Some parents have come to Ms. McGee’s defense. Joan Grande said her 11-year-old daughter, Olivia, attended the museum tour.

“She enjoyed the day very much,” Ms. Grande said. “She did mention some nude art but she didn’t make a big deal of it and neither did I.” She said that if Ms. McGee’s job ratings were high before the incident, “something isn’t right” about the suspension.

Another parent, Maijken Kozcara, said Ms. McGee had taught her children effectively.

“I thought she was the greatest,” Ms. Kozcara said. But “knowing Texas, the way things work here” she said of the teacher’s suspension, “I wasn’t really amazed. I was like, ‘Yeah, right.’ ”
This one leaves me shaking my head in disbelief.

What on Earth did the parent expect his or her child to see at an ART museum if not nude statues and paintings?

My guess is that if McGee had shown this parent's child prints of
Andy Warhol's renderings of Campbell's Soup Cans or Green Coca-Cola Bottles, the parent would have bitched complained that the teacher was attempting to make the child overeat.

So... after 28 years of successful teaching service, this award-winning educator is losing her job because one parent (who had signed a "parental permission slip") is unhappy with the fact that his or her child saw nude art on a field trip to an ART museum.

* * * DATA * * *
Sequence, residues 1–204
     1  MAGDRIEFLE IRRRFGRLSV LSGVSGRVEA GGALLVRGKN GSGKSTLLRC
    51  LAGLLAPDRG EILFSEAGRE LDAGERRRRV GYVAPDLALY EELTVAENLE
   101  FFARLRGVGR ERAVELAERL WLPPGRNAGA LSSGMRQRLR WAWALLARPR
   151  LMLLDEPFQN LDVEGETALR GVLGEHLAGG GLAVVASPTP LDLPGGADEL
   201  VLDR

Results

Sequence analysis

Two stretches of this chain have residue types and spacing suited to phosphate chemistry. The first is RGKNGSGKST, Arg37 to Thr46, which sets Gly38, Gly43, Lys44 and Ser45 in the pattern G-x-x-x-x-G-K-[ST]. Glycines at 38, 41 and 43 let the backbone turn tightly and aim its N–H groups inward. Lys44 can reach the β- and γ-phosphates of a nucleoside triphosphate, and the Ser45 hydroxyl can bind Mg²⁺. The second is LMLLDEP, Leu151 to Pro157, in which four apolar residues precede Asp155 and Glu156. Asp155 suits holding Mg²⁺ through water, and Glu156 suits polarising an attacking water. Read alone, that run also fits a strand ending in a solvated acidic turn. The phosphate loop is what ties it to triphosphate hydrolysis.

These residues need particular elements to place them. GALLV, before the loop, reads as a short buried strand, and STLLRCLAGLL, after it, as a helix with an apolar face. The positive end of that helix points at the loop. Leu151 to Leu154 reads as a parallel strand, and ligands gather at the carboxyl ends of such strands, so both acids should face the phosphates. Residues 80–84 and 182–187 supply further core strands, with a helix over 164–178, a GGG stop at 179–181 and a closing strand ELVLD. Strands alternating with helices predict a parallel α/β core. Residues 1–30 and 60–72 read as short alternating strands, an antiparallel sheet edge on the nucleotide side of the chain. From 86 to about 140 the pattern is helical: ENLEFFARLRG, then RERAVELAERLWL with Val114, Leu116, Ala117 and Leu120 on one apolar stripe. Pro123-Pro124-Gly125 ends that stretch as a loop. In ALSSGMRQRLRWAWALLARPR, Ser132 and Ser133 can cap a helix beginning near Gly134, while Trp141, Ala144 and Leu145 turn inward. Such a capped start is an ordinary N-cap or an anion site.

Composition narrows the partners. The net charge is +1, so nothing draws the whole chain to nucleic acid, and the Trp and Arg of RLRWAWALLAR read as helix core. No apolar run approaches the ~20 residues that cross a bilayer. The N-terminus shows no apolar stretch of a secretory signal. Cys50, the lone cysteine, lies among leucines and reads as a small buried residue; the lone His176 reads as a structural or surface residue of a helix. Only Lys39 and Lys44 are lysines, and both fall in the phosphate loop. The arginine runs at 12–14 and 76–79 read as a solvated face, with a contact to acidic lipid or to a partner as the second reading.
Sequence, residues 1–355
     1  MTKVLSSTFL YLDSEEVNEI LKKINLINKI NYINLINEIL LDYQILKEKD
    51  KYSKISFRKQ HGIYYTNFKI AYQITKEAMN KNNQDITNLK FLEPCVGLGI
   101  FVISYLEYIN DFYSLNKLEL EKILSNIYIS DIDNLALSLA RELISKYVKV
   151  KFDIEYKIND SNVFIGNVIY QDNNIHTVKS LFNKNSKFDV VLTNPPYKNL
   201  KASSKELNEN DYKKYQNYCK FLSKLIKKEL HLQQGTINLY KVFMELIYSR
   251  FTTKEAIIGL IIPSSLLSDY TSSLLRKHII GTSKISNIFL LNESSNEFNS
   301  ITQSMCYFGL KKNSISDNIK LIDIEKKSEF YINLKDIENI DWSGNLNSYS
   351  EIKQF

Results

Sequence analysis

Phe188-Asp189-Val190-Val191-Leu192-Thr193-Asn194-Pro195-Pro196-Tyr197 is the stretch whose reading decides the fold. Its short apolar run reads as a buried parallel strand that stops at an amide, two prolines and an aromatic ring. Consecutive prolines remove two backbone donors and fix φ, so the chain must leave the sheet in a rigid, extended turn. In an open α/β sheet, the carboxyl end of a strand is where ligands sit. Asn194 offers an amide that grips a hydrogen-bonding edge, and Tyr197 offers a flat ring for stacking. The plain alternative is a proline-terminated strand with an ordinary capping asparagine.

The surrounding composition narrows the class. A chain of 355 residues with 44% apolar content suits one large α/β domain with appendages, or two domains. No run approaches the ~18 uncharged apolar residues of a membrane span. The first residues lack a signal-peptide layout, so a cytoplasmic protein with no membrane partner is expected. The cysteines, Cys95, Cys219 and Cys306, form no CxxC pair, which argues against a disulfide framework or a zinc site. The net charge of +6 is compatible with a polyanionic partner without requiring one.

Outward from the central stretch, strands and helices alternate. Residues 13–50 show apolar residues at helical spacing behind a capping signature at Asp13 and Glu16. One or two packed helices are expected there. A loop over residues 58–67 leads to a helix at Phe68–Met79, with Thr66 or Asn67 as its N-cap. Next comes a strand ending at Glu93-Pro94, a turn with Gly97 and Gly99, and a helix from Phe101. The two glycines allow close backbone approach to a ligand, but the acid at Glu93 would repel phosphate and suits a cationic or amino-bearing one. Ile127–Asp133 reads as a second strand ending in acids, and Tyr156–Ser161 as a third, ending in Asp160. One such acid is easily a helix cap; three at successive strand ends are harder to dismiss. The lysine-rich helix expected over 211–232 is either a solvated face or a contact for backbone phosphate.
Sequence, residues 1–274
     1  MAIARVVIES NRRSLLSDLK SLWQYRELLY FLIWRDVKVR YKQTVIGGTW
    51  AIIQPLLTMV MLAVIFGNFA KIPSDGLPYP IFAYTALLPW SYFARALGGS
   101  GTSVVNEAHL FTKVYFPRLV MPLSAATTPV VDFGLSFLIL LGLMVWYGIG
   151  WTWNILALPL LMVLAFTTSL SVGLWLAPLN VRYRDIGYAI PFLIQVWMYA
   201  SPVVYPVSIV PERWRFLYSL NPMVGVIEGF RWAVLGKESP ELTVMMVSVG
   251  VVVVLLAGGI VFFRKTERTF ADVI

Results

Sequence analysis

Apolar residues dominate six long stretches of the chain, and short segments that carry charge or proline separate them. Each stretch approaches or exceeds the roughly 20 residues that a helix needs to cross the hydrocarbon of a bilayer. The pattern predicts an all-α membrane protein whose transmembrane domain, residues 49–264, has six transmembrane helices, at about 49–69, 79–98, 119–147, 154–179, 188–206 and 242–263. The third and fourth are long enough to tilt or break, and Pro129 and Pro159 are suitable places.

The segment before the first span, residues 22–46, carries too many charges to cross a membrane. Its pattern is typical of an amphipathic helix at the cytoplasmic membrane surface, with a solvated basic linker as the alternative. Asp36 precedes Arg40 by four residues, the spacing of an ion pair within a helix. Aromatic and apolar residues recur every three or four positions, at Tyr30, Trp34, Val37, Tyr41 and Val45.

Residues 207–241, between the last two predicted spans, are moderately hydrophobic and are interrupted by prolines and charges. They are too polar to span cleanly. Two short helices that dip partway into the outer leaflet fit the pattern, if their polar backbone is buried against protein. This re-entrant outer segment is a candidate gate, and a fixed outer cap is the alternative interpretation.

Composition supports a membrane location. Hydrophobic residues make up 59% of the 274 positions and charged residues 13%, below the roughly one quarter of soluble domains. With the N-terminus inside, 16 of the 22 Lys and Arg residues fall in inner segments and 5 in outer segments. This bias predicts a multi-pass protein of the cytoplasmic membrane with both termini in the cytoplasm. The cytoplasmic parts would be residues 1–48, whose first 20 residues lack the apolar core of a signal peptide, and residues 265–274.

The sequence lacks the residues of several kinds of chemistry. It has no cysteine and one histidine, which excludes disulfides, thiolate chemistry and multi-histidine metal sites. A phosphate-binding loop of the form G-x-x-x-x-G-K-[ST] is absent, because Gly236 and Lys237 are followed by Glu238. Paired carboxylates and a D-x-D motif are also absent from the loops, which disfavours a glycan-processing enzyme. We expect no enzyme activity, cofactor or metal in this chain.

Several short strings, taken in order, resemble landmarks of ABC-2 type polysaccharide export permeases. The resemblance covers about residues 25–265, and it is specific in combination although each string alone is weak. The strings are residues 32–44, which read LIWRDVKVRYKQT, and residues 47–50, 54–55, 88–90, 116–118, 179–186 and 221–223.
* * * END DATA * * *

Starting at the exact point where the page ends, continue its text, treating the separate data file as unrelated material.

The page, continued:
Interestingly, Principal Nancy Lawson, who had "approved the trip," doesn't seem to be in any danger of losing her job or (horror of horrors for many administrators) being demoted transferred to a classroom teaching assignment. (Lawson's website bio would appear to indicate to us that she is what we have termed a "New Model School Administrator" who has moved around quite a bit without seeming to find a "home.")

In a case that is all-too-familiar for many of us who work in public education, "accountability" seems to be a concept that is readily applied to the individual who actually works in the classroom while those who have oversight (and make the final decisions) are exempted altogether from the consequences of their actions. (or lack thereof)

It seems that classroom teaching is destined to become little more than a McJob, where initiative, dedication to students, and hard work aren't rewarded, but, to the contrary, are often punished by a system that offers little or no chance for advancement based upon merit while those who are in authority (and do make the decisions) often obtain their positions sinecures through those Evil Twins who've plagued public education for decades: Nepotism and Cronyism.

Is it little wonder, then, why I can no longer recommend public school teaching as a career choice for our nation's brightest young people?

Related: See the Houston Chronicle's very aptly named editorial